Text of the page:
Now you can do all of this as a pile of procedural code in main. Or you can break it up a little using every tool in your language. That's a good idea because the point of these layers is that they can be pealed off and replaced without touching the other layers. It's nice if the constructing code can do something similar.

You can even use some DI library that will force you to separate construction from behavior code by making you write it in another language. You just don't have to.

If you'll forgive some psudo code, my basic DI pattern is this:

void main() {

    InterfaceAdapterOutputs iao = makeDescendingFrameworksAndDrivers();
    ApplicationBROutputs abro = makeDescendingInterfaceAdapters(iao);
    EnterpriseBROutputs ebro = makeDescendingApplicationBR(abro);
    EnterpriseBRInputs ebri = makeEnterpriseBR(ebro);
    ApplicationBRInputs abri = makeAscendingApplicationBR(ebri);
    InterfaceAdapterInputs iai = makeAscendingInterfaceAdapters(abri);
    FrameworksAndDriverInputs fadi = makeAscendingFrameworksAndDrivers(iai);

    fadi.start();
}

Now sure that's way too abstract but that's the pattern. Normally I'd have this broken up as more than just layers but also feature segments (kinda like my icon). But this should make you feel like your own language has the power to make all this work without any special magic needing to be added.

I only mention all this because these needs may limit where you can reasonably put your creational code. The better you understand these needs the more flexibility you find in meeting them.

So where do you put your configuration classes? Again, ask "What knows about what?"

The Entities have business rule classes, input and output interfaces that change together within the layer. The use cases know about that layer, and must change according to it's whims. And so must the business rules configuration classes (and tests, and logging, and ...). There are actually many things that slave to the inner layer but don't care about the rest of your application. This means grouping them together so they could be easily separated from the rest of the system is likely a good idea. The same can be said for each layer.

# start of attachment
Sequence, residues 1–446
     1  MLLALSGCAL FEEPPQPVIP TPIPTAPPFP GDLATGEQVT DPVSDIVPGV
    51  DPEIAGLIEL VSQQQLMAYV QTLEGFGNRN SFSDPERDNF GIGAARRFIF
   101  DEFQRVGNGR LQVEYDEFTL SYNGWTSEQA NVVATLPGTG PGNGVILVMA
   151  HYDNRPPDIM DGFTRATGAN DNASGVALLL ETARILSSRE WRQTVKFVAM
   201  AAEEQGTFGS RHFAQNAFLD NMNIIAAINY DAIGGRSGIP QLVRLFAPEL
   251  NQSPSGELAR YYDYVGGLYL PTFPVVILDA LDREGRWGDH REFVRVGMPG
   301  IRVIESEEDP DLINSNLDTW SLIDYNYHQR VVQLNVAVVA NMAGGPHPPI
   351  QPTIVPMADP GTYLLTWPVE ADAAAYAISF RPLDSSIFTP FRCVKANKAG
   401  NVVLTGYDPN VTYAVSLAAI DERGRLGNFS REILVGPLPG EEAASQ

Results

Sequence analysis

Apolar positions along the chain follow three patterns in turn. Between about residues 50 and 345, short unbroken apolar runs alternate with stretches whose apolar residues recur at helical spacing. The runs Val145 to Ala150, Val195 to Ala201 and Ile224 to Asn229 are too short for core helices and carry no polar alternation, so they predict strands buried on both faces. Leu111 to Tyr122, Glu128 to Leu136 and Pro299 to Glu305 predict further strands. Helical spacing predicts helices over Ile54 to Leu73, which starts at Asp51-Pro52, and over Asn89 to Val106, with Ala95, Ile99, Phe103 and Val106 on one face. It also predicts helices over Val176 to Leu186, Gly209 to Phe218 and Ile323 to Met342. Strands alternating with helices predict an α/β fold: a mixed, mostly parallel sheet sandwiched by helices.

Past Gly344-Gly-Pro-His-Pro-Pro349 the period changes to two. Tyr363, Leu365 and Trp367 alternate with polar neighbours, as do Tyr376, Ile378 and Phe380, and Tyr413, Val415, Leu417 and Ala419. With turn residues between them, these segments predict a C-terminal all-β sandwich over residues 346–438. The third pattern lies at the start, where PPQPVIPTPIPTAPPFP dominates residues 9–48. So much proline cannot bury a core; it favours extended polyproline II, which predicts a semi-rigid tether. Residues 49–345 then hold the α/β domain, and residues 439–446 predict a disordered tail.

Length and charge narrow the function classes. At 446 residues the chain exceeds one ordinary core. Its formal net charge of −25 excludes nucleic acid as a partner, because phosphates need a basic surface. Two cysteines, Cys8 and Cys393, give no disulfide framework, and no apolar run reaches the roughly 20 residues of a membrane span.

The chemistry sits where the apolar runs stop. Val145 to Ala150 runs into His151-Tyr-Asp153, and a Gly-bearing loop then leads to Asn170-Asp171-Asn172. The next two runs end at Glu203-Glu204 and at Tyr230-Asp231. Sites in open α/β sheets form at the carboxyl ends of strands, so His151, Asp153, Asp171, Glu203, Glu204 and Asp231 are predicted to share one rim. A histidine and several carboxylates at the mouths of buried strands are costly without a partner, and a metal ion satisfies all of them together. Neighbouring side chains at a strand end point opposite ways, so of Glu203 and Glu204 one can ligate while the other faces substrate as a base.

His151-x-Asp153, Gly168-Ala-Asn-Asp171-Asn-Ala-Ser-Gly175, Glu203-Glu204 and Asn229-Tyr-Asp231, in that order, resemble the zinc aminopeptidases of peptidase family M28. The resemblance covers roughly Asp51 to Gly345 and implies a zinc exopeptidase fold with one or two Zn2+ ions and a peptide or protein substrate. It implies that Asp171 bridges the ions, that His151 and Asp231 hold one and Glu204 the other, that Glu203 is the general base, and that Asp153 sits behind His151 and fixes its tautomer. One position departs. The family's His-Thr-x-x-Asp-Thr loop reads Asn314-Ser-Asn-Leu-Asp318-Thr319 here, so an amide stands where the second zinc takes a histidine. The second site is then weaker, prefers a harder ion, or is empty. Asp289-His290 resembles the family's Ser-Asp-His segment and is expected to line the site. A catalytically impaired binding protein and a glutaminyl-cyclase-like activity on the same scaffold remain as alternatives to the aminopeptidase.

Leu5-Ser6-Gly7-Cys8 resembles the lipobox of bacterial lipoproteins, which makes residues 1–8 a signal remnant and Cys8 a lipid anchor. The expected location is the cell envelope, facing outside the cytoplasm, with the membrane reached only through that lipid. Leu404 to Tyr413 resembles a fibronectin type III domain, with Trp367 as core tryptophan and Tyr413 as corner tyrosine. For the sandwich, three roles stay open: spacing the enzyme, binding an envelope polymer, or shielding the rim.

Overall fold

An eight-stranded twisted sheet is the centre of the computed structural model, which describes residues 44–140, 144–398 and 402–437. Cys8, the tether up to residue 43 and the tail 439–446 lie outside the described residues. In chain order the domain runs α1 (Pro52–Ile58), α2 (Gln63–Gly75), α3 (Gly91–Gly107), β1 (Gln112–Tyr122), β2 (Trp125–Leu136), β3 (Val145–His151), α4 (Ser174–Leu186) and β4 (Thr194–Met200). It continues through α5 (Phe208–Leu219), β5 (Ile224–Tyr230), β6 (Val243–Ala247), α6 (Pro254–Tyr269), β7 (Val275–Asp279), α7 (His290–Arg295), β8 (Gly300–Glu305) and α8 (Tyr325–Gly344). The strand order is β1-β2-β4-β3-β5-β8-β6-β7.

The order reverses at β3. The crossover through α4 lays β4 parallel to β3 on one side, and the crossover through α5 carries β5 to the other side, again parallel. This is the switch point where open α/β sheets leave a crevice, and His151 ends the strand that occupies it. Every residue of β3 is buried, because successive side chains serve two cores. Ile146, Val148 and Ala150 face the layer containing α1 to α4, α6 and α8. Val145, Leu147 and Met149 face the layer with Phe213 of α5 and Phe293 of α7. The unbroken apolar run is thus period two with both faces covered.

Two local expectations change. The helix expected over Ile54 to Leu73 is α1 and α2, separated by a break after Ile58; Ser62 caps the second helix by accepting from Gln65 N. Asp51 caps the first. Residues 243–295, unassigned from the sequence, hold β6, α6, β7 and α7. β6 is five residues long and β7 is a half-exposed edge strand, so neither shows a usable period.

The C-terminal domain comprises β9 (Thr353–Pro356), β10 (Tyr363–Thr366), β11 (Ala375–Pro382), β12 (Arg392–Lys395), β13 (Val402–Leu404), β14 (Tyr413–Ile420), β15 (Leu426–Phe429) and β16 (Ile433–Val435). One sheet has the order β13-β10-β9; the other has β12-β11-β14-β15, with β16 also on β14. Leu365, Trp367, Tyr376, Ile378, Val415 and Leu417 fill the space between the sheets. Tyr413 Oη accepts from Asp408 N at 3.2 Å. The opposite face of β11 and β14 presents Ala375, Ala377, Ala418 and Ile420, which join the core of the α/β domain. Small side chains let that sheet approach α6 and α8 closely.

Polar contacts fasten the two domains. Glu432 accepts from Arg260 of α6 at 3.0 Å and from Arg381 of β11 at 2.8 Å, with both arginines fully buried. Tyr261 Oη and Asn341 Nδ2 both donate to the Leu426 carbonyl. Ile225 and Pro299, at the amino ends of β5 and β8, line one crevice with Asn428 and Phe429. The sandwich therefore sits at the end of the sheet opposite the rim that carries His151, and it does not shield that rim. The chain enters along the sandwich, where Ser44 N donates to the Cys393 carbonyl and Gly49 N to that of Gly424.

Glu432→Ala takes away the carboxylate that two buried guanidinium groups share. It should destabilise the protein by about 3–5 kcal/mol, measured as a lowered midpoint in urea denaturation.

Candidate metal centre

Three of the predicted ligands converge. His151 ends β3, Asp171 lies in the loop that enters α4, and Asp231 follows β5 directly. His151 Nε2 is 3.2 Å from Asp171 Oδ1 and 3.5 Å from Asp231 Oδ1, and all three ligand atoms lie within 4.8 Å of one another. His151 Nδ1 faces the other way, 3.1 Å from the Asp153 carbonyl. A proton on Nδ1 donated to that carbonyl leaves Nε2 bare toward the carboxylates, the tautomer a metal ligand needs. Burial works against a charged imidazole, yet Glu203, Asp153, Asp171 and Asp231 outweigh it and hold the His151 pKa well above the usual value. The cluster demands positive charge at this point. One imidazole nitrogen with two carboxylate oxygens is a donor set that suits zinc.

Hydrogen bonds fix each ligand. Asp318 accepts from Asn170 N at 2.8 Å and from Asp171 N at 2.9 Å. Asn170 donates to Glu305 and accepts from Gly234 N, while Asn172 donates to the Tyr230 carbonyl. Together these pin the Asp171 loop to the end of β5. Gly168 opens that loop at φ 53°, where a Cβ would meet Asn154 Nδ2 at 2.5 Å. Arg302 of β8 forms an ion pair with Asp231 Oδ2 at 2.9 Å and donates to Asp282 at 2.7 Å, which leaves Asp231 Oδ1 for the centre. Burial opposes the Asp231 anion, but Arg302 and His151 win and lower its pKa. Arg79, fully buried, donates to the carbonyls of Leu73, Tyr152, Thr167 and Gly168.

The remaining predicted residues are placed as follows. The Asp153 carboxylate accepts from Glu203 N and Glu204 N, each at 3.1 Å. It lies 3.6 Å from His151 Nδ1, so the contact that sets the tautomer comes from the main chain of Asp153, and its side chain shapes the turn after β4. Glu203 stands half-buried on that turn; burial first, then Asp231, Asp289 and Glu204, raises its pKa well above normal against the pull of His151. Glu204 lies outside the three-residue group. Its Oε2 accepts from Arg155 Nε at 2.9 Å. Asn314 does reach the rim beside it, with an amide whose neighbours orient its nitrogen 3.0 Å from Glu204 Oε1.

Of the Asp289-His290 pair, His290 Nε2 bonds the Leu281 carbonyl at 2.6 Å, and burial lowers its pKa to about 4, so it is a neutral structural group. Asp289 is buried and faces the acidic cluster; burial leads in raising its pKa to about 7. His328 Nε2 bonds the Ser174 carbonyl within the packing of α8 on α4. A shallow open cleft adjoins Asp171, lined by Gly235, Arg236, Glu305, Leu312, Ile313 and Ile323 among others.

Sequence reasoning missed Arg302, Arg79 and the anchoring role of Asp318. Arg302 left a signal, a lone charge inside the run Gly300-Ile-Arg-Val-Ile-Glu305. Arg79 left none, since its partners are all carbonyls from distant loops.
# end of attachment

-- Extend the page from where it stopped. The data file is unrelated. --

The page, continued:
There are also configuration classes that know about multiple layers. Those should be grouped with the most outside layer that they know about. But other than these you could organize your configuration code into onion layers much the same as the rest of your code. Just don't group Use Case code with Entity construction code. While the dependency relationship is the same that's very different code. It should be separated.

enter image description here

However, I am NOT a fan of organizing exclusively by layer. As I said, my code base would diagram more like my icon, with feature sections. This is the package by feature not by layer principle. But within my features things are separated by layer. So for me, any one onion diagram could be one feature.

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    Cool story bro. But how does this relate to where one should put their configuration classes? :) – Robert Harvey Nov 17 '17 at 18:52
  • @RobertHarvey better? – candied_orange Nov 17 '17 at 19:29
  • Yep. (upvoted). – Robert Harvey Nov 17 '17 at 19:41
  • So, based on this, should I try to segregate my configuration classes on which layer/feature needs it, to adhere to "what knows about what"? e.g. Only the repository needs the connection strings, so should I just bundle the class building the connection strings with it? – InstilledBee Nov 18 '17 at 14:41
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    Essentially yes. I've added a link that should take you to some articles that explore the idea more in depth. The value you actually get from separation and organization largely depends on the future, which is hard to predict. The basic idea is to separate things that are likely to change from things that likely won't while grouping together things that will likely change together. – candied_orange Nov 18 '17 at 14:50